Was Tsar Alexander Ii Worthy Of The Title ‘Tsar Li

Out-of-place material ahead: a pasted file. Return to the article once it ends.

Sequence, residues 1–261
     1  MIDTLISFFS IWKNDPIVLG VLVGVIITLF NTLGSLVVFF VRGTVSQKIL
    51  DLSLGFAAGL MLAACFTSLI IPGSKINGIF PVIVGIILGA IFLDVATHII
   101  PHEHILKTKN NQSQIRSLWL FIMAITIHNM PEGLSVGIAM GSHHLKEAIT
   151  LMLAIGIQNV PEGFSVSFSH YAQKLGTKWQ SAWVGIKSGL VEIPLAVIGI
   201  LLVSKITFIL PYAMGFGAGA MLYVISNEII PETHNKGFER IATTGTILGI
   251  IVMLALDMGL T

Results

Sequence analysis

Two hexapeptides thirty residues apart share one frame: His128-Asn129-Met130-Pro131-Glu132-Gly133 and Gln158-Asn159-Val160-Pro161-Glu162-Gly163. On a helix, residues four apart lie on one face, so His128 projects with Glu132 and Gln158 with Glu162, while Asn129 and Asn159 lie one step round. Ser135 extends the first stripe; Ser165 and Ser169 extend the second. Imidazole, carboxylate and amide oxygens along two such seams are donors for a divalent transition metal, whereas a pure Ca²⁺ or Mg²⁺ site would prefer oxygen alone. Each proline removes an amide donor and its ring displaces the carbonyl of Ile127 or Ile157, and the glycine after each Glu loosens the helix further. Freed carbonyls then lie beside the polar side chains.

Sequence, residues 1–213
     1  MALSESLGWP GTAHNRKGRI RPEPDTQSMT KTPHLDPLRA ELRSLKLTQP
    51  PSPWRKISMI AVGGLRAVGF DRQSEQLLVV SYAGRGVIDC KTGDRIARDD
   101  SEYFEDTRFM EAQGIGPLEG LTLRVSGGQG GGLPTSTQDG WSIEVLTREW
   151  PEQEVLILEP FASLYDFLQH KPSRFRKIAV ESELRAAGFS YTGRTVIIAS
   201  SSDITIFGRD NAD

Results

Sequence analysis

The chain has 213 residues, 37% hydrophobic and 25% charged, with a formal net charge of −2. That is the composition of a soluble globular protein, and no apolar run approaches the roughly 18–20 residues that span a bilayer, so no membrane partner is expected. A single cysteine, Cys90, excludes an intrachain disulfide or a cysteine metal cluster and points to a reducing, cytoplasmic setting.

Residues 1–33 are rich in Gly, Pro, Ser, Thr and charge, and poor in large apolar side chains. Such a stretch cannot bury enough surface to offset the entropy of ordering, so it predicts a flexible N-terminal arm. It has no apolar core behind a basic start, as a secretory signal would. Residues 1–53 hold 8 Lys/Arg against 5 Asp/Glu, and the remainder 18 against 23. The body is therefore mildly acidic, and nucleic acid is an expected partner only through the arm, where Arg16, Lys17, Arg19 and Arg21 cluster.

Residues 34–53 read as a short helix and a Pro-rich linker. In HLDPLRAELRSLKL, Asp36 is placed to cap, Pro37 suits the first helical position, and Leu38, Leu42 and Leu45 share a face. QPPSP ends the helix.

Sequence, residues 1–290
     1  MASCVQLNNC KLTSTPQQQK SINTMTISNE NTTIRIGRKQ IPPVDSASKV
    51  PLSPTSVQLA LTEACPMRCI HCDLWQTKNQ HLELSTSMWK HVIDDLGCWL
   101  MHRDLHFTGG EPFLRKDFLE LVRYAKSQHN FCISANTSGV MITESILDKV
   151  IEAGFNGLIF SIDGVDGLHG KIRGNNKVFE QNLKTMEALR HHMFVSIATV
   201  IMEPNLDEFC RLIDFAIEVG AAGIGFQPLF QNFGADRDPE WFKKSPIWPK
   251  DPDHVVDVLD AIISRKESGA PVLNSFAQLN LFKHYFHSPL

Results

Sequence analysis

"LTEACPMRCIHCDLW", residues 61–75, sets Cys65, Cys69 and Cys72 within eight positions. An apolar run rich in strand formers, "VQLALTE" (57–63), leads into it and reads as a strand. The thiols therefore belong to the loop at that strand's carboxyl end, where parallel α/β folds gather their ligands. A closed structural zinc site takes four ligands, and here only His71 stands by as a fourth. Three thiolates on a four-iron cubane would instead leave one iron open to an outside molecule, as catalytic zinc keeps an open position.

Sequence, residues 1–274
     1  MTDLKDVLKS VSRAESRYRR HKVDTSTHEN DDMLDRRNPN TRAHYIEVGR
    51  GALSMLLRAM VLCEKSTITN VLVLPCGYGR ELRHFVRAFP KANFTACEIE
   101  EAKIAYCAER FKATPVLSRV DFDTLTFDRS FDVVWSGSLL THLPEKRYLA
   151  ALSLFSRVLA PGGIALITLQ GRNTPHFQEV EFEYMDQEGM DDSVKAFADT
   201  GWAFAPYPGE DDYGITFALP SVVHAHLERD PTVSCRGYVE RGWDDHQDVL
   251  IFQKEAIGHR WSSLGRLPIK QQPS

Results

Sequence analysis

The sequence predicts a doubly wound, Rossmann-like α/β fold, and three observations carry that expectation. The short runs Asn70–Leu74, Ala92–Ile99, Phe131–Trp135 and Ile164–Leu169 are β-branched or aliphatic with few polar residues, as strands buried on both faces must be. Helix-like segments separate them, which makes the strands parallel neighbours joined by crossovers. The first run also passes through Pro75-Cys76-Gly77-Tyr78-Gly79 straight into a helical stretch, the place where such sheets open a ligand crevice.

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Was Tsar Alexander II worthy of the title ‘Tsar Liberator’? When Alexander II came to power in 1855, he inherited many of the issues left behind by his father Nicholas I. Alexander II believed that a more liberal rule than his father had established was necessary. He therefore undertook a series of reforms, which lead to him being given the title of ‘Liberator’, history however shows he was not prepared for the implications of change and showed weaknesses when dealing with it. Alexander II found himself with a Monarchy, which had not kept up with other major European powers. Industrial progress was slow and there was growing rural discontent and poor communications. The economy was very dependent on agriculture, however crop yields were low and peasants were trapped in a system of serfdom. The Crimean War had emphasised the weaknesses of the Russian Serf army, who suffered from poor transport and technology. In 1856 Alexander II began a debate by asking the Moscow nobles for their views on emancipation. When this failed to produce support Alexander II began in 1859 to use reforming ministers, such as Miliukin and Samarin to plan changes. The emancipation act, which was signed in 1861, can be seen as a huge personal achievement; however the Tsar Liberator did not wish to introduce real economic freedom to the peasants, nor for them to receive equality before the law. The nobles remained the privileged class and indeed their share of wealth increased. Emancipation can therefore be seen a traditional rather than a drastic change to Russian society. In 1864 the creation of the first elected governments, Zemstvos happened. However the major principles were respect for property and wealth. The wealthiest and titled had more voting power and greater representation. Zemstvos were there to make improvements, not to discuss matters in the wider sense. Therefore
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